Integrating Custom Homemade Recipes into Medical Programs for Dogs with Chronic Kidney Disease (CKD):
About 10% of older dogs develop a condition where the kidneys do not eliminate urea from the blood into the urine. This elevated blood urea (BUN) causes nausea, vomiting, gastric ulcers, and open, painful oral sores. These patients are reluctant to eat and consequently, they lose weight. Low protein diets help reduce blood urea and minimize the symptoms, so patients improve their interest in eating.
Our dog food recipes for chronic kidney disease have a calorie distribution that is considered favorable for CKD patients, meaning it has less meat protein than normal diets. Less protein reduces dietary nitrogen which in turn reduces blood urea.
Your dog’s diet is only one tool for CKD management, it is not a substitute for a comprehensive veterinary treatment plan. Treatment may also require intestinal urea trapping with fiber, prebiotics and probiotics, phosphorus binders, regular, subcutaneous fluids, antinausea/anti-vomiting medications, antacids, and later in the disease, hormone replacement therapy to stimulate red blood cell production in the bone marrow and prevent anemia. Anemia contributes to appetite loss and finicky eating habits in CKD patients.
Constant veterinary lab monitoring is essential in these patients to verify changes that require more medical intervention. It is not uncommon for CKD patients to have episodes of poor urea control and require hospitalization and intravenous fluid therapy. A kidney transplant is the only cure for CKD. Healthier Homemade recipes for chronic kidney disease may not be appropriate for patients that also have dietary restrictions for other conditions (inflammatory bowel disease/chronic enteropathy, short bowel syndrome or cancer).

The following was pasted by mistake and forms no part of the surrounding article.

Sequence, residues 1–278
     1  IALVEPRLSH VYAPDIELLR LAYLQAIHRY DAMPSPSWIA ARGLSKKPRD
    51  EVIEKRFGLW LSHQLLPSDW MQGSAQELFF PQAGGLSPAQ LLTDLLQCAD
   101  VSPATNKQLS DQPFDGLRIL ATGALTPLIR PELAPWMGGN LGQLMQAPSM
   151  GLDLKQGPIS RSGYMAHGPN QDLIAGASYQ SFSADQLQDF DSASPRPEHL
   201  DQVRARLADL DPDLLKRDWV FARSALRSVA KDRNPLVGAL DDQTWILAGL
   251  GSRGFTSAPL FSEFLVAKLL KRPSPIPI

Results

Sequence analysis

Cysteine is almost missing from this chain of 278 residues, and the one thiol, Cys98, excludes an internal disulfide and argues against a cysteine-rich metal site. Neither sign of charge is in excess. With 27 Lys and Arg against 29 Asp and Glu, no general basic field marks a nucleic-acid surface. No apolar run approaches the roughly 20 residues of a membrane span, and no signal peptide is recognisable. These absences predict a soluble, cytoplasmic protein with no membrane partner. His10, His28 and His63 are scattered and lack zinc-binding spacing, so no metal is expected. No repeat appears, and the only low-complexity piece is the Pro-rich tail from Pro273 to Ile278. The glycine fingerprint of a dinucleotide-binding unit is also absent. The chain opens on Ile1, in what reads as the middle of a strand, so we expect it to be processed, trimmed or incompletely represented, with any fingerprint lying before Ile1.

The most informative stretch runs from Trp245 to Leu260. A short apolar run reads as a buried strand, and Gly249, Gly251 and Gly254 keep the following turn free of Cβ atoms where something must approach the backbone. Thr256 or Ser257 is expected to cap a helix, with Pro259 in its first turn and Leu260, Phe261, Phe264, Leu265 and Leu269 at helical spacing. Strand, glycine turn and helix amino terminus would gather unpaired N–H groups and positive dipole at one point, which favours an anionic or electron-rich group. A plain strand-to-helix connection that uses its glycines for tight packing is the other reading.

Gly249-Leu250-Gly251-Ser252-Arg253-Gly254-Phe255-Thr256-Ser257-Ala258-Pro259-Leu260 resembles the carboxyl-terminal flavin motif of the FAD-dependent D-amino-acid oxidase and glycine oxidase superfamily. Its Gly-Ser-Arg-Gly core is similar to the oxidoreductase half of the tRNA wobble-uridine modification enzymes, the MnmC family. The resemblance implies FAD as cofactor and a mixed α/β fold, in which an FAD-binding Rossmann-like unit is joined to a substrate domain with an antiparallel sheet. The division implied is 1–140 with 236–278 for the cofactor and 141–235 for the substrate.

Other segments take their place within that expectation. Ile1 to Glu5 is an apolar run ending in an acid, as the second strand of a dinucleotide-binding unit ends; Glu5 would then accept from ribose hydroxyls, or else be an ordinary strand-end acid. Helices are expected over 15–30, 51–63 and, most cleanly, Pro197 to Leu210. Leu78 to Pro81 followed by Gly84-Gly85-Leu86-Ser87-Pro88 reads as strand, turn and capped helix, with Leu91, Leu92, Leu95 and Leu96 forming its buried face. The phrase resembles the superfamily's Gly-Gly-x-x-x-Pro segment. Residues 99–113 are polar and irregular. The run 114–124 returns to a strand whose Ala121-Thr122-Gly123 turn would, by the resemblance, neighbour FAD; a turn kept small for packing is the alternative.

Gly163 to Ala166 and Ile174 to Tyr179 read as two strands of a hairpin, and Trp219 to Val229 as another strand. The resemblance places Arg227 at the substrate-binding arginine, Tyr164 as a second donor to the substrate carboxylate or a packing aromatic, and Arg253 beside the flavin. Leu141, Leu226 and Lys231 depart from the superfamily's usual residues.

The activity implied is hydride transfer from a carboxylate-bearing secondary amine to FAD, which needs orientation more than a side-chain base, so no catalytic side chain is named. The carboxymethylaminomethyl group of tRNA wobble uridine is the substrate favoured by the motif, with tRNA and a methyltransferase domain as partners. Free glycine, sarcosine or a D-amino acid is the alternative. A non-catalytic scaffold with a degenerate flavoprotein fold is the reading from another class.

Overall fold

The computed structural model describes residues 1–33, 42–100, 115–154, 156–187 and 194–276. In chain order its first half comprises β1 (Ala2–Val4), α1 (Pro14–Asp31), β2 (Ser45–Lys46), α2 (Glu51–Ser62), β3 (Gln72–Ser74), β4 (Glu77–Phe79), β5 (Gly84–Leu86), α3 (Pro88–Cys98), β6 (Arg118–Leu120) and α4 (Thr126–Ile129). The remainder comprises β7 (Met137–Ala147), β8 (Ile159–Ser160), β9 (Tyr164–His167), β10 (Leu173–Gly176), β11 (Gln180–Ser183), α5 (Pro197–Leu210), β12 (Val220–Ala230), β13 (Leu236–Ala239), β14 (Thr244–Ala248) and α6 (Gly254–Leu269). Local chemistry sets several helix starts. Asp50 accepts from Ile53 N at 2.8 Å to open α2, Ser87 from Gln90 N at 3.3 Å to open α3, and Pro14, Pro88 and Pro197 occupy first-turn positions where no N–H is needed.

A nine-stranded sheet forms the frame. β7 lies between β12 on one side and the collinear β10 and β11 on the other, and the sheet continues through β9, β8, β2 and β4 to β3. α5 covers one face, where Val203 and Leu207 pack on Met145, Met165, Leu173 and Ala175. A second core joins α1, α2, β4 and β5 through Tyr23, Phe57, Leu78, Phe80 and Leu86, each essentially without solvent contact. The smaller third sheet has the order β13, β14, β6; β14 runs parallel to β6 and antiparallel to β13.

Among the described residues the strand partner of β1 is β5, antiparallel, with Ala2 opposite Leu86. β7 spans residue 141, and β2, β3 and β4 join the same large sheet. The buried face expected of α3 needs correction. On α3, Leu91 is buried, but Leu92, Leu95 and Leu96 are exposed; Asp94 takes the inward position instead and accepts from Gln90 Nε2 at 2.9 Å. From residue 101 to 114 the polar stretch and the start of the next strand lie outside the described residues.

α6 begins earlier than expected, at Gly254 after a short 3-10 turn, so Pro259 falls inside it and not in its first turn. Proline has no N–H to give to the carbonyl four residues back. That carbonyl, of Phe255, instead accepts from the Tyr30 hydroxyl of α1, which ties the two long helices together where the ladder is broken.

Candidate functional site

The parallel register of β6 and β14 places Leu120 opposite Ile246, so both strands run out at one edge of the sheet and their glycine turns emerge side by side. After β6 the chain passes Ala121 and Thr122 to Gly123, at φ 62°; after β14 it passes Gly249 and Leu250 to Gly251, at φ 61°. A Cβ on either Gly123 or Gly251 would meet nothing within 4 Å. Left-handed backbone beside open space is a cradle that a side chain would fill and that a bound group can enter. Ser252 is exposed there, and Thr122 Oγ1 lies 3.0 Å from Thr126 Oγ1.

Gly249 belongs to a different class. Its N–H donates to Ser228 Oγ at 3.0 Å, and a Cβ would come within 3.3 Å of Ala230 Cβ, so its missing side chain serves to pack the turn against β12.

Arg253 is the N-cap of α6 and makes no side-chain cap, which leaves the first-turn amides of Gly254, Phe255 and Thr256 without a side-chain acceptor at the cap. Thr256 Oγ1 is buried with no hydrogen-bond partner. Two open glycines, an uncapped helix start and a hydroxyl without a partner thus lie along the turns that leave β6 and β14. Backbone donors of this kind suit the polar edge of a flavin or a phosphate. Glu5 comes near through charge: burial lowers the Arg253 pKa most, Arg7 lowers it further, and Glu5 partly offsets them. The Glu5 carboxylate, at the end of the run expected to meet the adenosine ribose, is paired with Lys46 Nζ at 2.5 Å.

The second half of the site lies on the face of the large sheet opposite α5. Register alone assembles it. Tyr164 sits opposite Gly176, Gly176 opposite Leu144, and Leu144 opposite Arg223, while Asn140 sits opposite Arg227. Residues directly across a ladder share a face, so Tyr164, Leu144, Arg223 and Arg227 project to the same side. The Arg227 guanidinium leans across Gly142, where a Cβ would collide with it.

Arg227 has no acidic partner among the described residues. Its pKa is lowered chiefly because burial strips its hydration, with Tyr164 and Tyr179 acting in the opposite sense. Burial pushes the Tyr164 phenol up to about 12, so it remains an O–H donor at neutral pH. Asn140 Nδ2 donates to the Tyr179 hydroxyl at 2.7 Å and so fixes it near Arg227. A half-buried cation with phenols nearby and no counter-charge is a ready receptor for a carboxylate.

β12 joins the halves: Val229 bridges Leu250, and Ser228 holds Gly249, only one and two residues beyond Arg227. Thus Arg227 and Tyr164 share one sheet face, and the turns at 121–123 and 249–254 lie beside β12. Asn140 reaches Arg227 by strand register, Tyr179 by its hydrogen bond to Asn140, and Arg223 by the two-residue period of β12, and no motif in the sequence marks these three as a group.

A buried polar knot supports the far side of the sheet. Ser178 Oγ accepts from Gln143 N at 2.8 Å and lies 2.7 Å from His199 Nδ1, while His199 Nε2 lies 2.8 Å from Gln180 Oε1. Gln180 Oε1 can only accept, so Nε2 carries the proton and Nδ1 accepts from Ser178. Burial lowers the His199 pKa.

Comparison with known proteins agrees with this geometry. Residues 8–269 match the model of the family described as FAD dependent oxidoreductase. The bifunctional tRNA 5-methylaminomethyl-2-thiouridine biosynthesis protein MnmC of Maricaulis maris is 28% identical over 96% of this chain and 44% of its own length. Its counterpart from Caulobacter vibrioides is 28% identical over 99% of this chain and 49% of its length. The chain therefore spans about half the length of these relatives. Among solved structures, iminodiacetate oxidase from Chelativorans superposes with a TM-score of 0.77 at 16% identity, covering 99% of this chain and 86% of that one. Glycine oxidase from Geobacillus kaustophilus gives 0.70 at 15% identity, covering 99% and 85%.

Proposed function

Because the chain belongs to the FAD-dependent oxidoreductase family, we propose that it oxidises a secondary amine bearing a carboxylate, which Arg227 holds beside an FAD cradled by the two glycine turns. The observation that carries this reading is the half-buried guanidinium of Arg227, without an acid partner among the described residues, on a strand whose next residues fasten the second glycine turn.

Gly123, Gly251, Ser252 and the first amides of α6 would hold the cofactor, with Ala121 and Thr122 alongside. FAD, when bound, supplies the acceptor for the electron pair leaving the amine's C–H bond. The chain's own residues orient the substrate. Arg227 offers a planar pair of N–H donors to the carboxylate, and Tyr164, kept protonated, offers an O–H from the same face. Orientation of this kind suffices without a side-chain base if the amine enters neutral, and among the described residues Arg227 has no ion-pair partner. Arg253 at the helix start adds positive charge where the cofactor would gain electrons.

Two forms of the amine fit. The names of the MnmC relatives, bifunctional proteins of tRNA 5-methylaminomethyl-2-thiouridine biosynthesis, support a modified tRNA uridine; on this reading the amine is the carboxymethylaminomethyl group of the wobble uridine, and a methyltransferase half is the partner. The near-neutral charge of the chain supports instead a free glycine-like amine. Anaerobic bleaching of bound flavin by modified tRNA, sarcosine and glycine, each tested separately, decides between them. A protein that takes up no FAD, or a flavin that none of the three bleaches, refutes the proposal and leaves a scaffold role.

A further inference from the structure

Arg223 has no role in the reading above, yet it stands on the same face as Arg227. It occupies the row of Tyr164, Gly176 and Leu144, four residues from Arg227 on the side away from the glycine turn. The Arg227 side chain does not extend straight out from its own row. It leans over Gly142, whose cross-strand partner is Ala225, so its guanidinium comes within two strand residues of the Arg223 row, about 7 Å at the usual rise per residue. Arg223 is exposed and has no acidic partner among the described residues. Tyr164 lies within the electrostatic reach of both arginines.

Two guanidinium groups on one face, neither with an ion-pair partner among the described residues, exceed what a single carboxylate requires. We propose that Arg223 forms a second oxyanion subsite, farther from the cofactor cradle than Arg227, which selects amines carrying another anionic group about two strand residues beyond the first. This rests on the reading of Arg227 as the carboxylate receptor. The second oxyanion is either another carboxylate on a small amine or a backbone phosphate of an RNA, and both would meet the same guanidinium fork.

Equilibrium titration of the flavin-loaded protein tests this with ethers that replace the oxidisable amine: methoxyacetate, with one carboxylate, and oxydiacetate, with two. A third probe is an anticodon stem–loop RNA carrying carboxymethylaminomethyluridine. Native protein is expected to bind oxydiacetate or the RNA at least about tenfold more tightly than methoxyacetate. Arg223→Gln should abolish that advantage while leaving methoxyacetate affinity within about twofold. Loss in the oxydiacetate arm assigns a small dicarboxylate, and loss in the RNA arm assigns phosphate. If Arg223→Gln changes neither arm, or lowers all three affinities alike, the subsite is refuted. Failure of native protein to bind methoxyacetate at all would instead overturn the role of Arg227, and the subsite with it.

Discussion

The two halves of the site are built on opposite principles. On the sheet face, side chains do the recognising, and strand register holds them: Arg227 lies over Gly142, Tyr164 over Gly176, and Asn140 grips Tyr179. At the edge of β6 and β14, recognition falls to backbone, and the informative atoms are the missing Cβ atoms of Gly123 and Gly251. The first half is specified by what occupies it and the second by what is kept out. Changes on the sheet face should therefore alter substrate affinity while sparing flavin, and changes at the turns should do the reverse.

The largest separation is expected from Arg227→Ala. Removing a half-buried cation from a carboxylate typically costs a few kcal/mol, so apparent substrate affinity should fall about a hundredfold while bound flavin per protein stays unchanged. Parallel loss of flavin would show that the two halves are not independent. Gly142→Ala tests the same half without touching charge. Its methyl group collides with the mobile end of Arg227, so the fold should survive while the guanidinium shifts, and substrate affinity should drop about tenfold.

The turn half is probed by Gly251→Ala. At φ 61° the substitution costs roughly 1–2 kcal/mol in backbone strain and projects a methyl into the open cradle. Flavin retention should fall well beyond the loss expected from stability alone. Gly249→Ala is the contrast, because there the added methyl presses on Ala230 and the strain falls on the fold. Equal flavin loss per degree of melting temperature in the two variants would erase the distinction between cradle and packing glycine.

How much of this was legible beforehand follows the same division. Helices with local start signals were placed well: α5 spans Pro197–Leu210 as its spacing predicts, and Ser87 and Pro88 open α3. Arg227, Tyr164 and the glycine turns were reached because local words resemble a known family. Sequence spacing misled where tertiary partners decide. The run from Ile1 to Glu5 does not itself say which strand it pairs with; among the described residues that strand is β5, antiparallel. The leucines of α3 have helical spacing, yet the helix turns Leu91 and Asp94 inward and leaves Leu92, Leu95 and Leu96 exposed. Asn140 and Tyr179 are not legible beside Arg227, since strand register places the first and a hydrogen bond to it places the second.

Since low protein diets are not a favorite for dogs, “Food Fatigue” is common in patients on these diets. We recommend the generous use of condiments (bacon grease, BBQ sauce, Teriyaki baste, Catsup, Honey, etc.) along with appetite stimulants to keep these patients interested in eating their diets. Low protein recipes are not appropriate for normal adult dogs, or puppies.
Although Healthier Homemade dog food recipes exceed AAFCO and NRC daily nutrient requirements and meet the minimum NRC requirements for protein and the sulfur-containing amino acids (methionine and cystine) to ensure adequate taurine production, we prefer to err on the side of caution. The Healthier Homemade CKD program includes taurine supplementation for this heart protecting amino acid.
Each Healthier Homemade Starter Kit includes a nutrition data fact sheet, so owners and their veterinarians can see that all of the 42 daily essential nutrients are in meals prepared with our recipes, when used as directed. Commercial prescription diets, especially kibble, may be unappealing. Freshly cooked meals make a difference!